Global HR Round-up

US employers discriminate on grounds of sexual orientation

Nearly 20% of US workers believe they have been passed over for promotion because of their sexual orientation, according to research. The study by gay rights group Lambda asked more than 1,200 lesbian, gay, bisexual or transgender US employees about their work environment. More than half (54%) said gay-friendly, non-discrimination and anti-harassment policies were critical to their decisions about where to work. There is no federal law banning discrimination based on sexual orientation or gender identity, and only 16 states have laws to prevent this discrimination in the workplace, says Lambda. Fast food outlet Wendy’s is the latest US company to introduce a non-discrimination policy. The move came after Wendy’s was put under pressure from gay civil rights group, the Equality Project, and the company’s largest shareholder.

TV ads to ease problem of US’ ageing civil service workforce

The US Office of Personnel Management (OPM) is launching a TV advertising campaign to showcase civil service jobs to tackle concerns about an ageing workforce. The 30-second ads feature employees from diverse departments reminding viewers how public service can improve the lives of citizens. There is a particular shortage of people with language skills such as Arabic, Chinese, Hindi and Korean. More than one million employees – 60% of the US civil service – are eligible to retire in the next decade. The OPM oversees government-wide personnel policies and benefits, and wants to retain experienced employees to help smooth the transition. A new government proposal would allow workers to stay in their jobs while receiving their pensions without penalty. The agency is also looking to speed up hiring.

European court rules supplier blacklist over tax is legal

Companies working for public sector organisations within the European Union (EU) can legitimately have contracts denied or blocked if they are behind in tax or social security payments, the European Court of Justice (ECJ) has ruled. In a landmark case, judges ruled that such national or local government bans complied with the European public services directive. The case focused on the Italian Ministry of Defence’s refusal to accept tenders for catering work, due to tax arrears of supplier Zilch, and social contributions by catering firms La Cascina and GfM. All three companies then unsuccessfully challenged the legality of this decision under EU law. However, the ECJ said the law permitted national leeway over setting deadlines for tax or social security contribution payments before a taxpayer could be accused of “not fulfilling obligations”.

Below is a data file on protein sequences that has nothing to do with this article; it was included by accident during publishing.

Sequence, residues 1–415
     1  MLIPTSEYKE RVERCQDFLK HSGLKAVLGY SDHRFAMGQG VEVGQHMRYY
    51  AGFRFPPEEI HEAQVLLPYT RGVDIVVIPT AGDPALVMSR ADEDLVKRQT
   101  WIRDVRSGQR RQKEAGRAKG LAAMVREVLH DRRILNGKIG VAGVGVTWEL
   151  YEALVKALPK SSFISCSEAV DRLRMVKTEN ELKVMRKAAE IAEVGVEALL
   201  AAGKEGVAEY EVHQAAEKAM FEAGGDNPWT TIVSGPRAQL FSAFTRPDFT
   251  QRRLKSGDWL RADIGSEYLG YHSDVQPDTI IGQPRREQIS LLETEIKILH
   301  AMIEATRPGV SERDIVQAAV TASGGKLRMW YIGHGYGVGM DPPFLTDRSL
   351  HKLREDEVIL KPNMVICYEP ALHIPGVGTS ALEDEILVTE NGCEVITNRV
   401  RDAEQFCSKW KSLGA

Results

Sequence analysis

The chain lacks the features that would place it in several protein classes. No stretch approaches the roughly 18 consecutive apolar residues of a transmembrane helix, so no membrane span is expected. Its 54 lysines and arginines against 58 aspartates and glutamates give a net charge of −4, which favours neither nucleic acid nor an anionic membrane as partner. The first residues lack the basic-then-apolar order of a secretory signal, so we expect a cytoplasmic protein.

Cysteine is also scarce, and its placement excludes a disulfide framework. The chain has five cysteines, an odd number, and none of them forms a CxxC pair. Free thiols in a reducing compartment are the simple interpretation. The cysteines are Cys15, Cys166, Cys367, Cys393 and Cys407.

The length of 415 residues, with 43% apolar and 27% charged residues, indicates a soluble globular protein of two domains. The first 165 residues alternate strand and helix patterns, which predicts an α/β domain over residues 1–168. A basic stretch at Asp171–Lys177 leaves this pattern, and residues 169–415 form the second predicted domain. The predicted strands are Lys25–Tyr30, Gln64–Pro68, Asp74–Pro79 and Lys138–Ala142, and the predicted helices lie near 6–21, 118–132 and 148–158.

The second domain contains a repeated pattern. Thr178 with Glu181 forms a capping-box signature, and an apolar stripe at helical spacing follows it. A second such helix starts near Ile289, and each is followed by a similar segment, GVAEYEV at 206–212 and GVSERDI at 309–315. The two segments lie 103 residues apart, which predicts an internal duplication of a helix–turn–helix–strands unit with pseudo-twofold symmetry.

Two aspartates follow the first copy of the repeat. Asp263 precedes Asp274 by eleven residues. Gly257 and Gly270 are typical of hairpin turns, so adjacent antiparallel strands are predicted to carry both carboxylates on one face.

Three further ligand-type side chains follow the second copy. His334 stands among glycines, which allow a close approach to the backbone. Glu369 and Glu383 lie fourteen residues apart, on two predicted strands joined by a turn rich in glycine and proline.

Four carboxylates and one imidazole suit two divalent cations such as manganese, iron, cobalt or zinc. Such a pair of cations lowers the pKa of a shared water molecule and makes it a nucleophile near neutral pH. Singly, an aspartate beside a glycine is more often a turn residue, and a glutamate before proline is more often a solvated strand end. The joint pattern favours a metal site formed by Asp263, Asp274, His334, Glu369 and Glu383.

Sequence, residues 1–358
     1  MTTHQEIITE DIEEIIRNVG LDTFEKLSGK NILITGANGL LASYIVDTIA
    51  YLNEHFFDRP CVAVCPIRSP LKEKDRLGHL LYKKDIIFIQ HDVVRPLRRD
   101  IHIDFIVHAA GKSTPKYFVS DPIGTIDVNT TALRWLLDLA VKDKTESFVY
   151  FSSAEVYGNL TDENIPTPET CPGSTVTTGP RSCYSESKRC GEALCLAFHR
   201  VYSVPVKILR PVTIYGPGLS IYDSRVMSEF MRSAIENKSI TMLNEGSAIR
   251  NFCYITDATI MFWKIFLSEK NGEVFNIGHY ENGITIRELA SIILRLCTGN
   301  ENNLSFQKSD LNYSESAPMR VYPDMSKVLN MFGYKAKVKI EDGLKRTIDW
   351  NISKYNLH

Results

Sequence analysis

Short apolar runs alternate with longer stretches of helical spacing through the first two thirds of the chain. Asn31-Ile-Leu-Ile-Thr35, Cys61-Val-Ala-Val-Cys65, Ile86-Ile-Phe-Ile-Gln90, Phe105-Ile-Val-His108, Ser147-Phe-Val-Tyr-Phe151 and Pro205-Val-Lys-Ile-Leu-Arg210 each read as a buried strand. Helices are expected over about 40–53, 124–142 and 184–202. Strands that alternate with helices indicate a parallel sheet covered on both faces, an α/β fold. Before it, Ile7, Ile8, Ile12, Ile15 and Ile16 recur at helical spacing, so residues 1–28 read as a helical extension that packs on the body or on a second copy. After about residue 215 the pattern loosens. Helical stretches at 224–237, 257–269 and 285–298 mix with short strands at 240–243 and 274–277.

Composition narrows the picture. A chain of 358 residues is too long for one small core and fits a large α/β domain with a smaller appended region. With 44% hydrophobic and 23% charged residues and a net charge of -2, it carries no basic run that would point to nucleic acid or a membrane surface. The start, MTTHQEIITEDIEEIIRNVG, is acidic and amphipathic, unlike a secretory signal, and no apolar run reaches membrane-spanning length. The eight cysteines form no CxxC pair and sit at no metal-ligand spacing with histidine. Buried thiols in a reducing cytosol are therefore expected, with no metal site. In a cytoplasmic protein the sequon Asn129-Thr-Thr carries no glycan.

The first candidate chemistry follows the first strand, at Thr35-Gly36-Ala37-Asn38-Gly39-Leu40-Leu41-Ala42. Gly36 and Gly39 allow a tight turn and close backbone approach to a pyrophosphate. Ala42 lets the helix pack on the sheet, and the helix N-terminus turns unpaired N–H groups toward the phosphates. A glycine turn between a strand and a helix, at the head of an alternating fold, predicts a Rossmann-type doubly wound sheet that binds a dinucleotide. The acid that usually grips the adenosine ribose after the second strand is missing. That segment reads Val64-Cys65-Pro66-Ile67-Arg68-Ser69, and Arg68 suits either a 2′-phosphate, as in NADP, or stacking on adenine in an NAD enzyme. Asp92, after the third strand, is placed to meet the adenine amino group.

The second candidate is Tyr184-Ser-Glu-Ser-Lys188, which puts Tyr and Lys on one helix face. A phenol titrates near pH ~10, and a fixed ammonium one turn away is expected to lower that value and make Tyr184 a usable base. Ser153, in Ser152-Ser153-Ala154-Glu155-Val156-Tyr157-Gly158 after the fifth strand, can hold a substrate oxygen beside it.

New mothers are best off in Denmark or Norway

Denmark and Norway have the best maternity benefits in western Europe – more than twice as generous as those in the UK. A study by Mercer Human Resource Consulting covered 13 European countries with comparisons based on statutory pay built up over six months’ maternity leave. For women earning about 15,000 a year, the total pay accumulated after six months’ maternity leave in Denmark and Norway would be as much as 7,700. In the UK it would be just 3,700 and in Ireland 4,100. Entitlements in Germany would also be relatively low, at 4,150, along with those in France, Spain and the Netherlands, all at 4,750. Mark Sullivan, worldwide partner at Mercer, said: “While many aspects of employment law are becoming more standardised across Europe, large discrepancies persist in the area of maternity benefits.”


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